On Nov. 29, he was picked up by immigration officers and charged with illegal re-entry, a felony punishable by up to two years in prison. He was placed in the county jail. His criminal lawyer, Reynaldo Cantú, argued that the government couldn’t prove beyond a reasonable doubt that Mr. Garza was not American, citing his client’s pending claim for citizenship. At the request of the prosecutor, the court dismissed the charge.
Bu Mr. Garza didn’t go free. On Jan. 31, after two months in jail, he was transferred into the custody of immigration authorities. Under current law, if an alien has been deported once, he or she will automatically be deported if caught entering again — with no right to see an immigration judge. That practice began in 1996 with the passage of the Illegal Immigration Reform and Immigrant Responsibility Act, which aimed to reduce illegal immigration cases clogging the courts.
Mr. Garza says he spent two days in a holding cell. “I told them seven times that I was an American citizen,” he says. Then he was put on a bus and driven to Reynosa, Mexico, about 60 miles from Matamoros. He says he slept on a park bench for two days and sold some fruit from a pushcart to earn bus fare back to Matamoros. Then, once again, he swam the Rio Grande to Texas.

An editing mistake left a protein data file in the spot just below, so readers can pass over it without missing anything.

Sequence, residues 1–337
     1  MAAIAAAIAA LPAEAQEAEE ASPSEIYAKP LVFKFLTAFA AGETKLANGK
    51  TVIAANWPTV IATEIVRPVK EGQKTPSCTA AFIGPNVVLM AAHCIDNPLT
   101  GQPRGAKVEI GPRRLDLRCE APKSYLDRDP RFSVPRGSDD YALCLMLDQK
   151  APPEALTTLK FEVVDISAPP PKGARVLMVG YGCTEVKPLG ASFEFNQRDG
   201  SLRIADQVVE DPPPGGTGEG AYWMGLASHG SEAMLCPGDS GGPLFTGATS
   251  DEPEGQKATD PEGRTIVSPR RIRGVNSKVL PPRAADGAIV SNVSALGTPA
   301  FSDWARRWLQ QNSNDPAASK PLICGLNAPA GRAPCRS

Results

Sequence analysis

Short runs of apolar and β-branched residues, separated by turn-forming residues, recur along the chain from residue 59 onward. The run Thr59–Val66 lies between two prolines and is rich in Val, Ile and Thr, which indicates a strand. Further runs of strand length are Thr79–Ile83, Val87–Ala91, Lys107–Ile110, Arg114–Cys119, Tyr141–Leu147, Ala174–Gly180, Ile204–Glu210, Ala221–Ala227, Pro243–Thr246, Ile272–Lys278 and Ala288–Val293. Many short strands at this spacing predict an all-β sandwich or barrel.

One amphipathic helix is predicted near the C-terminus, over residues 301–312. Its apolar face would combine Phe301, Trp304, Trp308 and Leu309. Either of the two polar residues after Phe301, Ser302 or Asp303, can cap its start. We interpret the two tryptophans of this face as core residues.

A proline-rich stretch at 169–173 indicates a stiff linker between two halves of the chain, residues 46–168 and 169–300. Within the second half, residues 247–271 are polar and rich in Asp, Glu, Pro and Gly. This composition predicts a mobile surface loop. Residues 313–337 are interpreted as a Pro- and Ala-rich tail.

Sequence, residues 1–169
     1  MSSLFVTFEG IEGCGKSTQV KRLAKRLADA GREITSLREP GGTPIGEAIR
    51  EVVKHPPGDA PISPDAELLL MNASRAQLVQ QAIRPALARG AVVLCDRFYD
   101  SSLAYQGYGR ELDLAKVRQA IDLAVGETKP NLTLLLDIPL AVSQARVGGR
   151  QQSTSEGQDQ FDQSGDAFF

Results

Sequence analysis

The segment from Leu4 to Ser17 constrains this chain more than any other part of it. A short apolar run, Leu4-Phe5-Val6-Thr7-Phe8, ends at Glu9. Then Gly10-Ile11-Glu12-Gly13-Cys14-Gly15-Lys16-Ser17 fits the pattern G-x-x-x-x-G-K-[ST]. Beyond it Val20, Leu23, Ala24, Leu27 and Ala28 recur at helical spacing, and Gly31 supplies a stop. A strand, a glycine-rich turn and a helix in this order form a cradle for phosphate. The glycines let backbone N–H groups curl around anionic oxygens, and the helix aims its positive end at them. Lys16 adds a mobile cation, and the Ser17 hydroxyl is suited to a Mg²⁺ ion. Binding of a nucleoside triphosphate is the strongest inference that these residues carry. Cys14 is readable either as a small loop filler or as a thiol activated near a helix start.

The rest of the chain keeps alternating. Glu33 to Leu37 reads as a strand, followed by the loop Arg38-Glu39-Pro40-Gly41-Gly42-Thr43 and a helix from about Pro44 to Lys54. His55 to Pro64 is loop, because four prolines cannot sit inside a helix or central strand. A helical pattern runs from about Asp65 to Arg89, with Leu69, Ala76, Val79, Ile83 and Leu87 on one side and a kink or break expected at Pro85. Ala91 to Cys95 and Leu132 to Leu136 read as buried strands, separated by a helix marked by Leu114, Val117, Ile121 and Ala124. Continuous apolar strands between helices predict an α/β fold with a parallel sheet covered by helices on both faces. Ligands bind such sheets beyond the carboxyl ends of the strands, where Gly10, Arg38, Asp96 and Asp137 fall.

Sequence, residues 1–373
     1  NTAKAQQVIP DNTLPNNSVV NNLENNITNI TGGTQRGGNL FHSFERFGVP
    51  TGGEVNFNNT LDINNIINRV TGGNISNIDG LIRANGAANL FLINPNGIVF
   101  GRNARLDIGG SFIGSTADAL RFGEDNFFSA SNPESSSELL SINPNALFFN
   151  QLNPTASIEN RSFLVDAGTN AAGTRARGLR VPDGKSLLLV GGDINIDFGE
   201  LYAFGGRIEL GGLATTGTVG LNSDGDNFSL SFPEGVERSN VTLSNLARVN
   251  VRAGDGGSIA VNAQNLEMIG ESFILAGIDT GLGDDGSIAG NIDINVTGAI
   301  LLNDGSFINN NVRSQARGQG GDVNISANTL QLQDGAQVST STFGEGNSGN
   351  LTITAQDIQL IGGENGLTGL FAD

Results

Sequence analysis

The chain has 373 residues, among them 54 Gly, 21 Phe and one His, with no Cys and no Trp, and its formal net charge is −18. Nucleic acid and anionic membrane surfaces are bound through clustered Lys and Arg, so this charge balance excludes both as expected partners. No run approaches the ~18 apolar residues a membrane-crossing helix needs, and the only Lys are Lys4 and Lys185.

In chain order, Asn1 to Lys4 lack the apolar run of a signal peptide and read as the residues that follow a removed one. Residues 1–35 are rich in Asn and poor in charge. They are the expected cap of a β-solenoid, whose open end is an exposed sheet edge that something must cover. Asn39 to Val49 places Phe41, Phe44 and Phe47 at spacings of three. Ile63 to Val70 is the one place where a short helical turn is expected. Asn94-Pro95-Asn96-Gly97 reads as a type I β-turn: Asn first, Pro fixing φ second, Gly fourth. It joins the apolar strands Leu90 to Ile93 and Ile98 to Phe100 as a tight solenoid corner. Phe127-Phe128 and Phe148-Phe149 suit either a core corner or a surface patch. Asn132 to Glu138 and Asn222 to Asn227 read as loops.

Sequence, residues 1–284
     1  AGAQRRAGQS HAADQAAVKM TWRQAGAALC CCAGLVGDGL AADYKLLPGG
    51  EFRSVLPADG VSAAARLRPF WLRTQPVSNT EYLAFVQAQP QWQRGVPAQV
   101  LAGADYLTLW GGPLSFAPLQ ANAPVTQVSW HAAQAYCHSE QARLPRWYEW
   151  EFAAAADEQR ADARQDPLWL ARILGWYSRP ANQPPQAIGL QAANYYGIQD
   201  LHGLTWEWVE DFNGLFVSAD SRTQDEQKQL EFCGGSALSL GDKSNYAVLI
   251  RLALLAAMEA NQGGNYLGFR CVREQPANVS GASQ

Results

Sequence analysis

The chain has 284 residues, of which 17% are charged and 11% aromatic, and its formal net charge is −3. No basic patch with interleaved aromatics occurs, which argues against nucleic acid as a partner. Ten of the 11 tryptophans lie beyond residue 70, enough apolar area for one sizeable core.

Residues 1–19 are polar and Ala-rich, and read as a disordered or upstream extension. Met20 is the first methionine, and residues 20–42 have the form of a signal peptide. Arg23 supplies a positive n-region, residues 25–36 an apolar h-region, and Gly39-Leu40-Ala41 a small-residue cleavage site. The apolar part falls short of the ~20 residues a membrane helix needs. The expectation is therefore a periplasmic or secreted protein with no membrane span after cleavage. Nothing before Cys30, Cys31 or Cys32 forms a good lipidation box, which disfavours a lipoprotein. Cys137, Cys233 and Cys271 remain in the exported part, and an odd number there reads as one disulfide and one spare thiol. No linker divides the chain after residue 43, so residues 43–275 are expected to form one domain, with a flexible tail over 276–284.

In early April, Citizenship and Immigration Services denied the N-600 application of his brother José because he was unable to produce a birth certificate to buttress his claim. José Garza now hopes to take a DNA test to prove he si the son of the senior Mr. Garza, his lawyer says.
Wilfredo Garza had submitted a birth certificate. When he returned from work one afternoon in late April, he found an official-looking letter in his mailbox. Unable to read it, he hurried to Mr. Díez’s law office. In the envelope, his lawyer found a one-page form indicating that Mr. Garza’s application had been approved. It instructed him to appear at the local immigration office in Harlingen, Texas, on May 23 to pick up his certificate of citizenship.
This article originally appeared in the Wall Street Journal. : https://www.wsj.com/articles/SB114739948011750992